Legends from the Małopolska Region for children!
Probably the most famous and popular legend is “The Tale of Prince Krak and the terrible dragon”. It describes the fate of the legendary founder of the city, Prince Krak, and a terrifying dragon living in a cave under the Wawel Hill. There was no way to get rid of the monster, so it wreaked terror among people who had to regularly bring him animals. And if the dragon did not get food on time, then he abducted the inhabitants. Until one day a clever man, shoemaker Skuba, came up with the idea of how to get rid of the terrible dragon. He stuffed sheep skin with sulphur and gave it as a tribute to the monster. The dragon, without suspecting anything, devoured this offering, which led to a fire in his entrails, which he tried to extinguish with large amounts of water from the Vistula river. As a result of the excess of drunk water, it burst into small pieces, and the residents could finally breath with relief. There is also another version of this legend, which says that Prince Krak got rid of the dragon himself.
Probably everyone knows that rock salt used to be mined in the nearby area of Kraków. But do everyone know where does the salt in Wieliczka and Bochnia come from? The explanation can be found in the beautiful legend “About the ring of St Kinga”. The Hungarian princess Kunegunda (Kinga) was to marry Prince Bolesław V the Chaste, but before that she wanted to offer her future homeland some precious gift. So, she threw her engagement ring into one of the mines in Hungary. She did it with an intended purpose. Upon her arrival in Małopolska, she immediately issued an order to start mining in the place where the Wieliczka Salt Mine is now located (some versions of the legend say that the mining started in the area of the Bochnia salt mine). It was an enormous amazement for all gathered inhabitants when a lump of salt was extracted from the ground, when everybody could see Kinga's engagement ring embedded inside. The princess thus gave her new subjects as a gift the precious natural resource – rock salt.
Now let's move to the more distant, mountainous areas of the Małopolska region, which are the Tatras. This area also has a wonderful legend, known as the “The legend of the knights sleeping under the Tatras”. Anyone looking from Zakopane at the rocky mountains can see the descending silhouette of the Giewont mountain. There a couple of different ideas about this mountain. Many people see in it the profile of a sleeping man. He is said to be a knight or a king. And such a person must have an army. That is the case here. The legend says that somewhere in the dark, terrifying, and at the same time secret caves under the Giewont mountain, the enchanted troops are waiting dormant. When evil will spread around the world (another version of the legend says that “when Poland will be in danger”) then Giewont will wake up with his army and will come to rescue his subjects.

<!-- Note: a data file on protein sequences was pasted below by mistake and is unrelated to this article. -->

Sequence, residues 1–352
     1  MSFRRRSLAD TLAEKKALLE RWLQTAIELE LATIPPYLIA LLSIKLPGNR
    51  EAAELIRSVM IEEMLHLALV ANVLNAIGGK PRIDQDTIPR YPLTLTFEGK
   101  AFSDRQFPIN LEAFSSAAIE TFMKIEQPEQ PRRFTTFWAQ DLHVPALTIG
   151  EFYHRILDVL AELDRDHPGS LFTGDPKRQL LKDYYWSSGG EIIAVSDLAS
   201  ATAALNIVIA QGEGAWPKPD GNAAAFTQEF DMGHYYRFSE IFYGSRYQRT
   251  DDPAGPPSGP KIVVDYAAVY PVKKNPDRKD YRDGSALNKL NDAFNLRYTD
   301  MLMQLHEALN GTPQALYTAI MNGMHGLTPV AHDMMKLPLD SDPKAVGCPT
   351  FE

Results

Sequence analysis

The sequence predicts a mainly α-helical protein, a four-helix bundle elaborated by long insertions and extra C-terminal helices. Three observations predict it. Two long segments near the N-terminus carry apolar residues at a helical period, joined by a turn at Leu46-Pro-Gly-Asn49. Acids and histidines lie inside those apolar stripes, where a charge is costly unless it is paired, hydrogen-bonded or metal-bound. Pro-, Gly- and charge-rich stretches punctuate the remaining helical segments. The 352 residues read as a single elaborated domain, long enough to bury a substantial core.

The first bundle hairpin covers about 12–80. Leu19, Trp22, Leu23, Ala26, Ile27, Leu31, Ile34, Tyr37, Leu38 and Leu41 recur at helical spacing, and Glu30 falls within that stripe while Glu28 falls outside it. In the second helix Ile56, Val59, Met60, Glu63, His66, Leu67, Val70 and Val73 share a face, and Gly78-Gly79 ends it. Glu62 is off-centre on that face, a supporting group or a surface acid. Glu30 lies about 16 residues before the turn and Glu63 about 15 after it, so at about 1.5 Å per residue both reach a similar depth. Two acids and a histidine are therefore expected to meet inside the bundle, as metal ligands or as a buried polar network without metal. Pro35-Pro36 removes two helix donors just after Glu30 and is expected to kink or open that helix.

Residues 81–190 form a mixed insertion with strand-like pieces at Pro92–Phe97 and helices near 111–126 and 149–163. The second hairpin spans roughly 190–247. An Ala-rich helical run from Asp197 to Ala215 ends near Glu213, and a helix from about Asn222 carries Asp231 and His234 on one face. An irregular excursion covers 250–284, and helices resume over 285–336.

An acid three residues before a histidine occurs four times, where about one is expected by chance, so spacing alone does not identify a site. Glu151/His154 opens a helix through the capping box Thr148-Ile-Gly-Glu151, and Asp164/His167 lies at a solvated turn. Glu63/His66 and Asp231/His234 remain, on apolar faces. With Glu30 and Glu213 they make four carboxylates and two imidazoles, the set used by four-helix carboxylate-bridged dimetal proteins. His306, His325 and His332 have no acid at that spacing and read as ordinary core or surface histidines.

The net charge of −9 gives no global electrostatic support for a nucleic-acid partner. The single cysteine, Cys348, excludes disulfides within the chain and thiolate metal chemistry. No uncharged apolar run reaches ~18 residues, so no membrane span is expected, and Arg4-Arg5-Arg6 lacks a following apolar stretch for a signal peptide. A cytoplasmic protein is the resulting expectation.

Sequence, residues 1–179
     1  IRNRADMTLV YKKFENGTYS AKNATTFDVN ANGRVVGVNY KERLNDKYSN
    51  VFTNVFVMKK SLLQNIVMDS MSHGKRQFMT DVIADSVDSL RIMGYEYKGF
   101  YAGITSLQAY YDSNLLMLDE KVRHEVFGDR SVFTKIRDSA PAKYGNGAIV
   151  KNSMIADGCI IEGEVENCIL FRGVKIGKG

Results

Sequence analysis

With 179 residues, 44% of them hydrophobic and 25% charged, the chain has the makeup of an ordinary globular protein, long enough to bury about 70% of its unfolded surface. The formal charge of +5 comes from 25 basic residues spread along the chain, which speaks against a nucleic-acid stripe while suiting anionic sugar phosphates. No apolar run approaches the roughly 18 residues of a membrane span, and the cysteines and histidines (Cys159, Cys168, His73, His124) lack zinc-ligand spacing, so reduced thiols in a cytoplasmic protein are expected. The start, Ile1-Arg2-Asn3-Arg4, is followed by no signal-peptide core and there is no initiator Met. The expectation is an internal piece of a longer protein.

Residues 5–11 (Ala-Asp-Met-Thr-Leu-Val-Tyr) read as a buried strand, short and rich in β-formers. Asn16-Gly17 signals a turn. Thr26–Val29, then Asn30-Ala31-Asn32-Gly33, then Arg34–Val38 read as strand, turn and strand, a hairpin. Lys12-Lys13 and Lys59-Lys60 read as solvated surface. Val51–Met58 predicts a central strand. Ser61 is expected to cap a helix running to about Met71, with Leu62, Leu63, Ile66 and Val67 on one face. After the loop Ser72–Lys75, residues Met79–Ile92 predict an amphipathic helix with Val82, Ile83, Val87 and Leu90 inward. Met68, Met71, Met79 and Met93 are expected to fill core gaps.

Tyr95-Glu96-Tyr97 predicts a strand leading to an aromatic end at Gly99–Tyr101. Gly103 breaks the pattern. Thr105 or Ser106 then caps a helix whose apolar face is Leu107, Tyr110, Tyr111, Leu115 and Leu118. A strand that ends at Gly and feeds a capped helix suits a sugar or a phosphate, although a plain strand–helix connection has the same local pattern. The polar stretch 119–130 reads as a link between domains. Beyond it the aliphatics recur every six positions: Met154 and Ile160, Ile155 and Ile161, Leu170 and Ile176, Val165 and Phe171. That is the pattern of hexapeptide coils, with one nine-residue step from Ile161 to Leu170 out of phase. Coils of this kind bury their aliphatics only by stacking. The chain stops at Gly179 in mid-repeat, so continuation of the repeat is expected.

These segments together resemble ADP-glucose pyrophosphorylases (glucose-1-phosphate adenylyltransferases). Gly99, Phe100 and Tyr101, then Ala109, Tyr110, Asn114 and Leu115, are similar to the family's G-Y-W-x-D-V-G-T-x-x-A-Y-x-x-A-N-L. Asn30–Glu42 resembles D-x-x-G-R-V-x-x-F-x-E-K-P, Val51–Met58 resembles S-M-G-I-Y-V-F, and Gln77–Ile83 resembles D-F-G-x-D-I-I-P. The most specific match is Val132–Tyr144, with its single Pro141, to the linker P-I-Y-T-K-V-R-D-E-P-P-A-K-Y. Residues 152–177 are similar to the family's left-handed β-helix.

It is the Małopolska region that you can see the truest desert. This place also has a legend associated with it – “On the creation of the Błędów Desert”. Let's move back to the 13th century. At that time two precious raw materials were extracted in the Olkusz lands, namely silver and lead, which contributed to drilling more and more shafts deep into the earth. Mining work worried devils, who at that time inhabited underground areas beneath the mines. These creatures were afraid that man could get into their world. Therefore, they decided to punish everyone who dealt in mining silver and lead for such an impudence. Their idea was to cover the mine with sand from the Baltic Sea. So, one of the devious devils went to the other end of Poland to fill his sack with sand. However, he did not foresee one thing: that the sack may be too heavy for him, which will lead to greater effort in transporting it. The devil, feeling increasing fatigue, run with the sack over the church tower in Olkusz and in this way the sand crumbled in all the nearest fields, which gave rise to the Błędów Desert.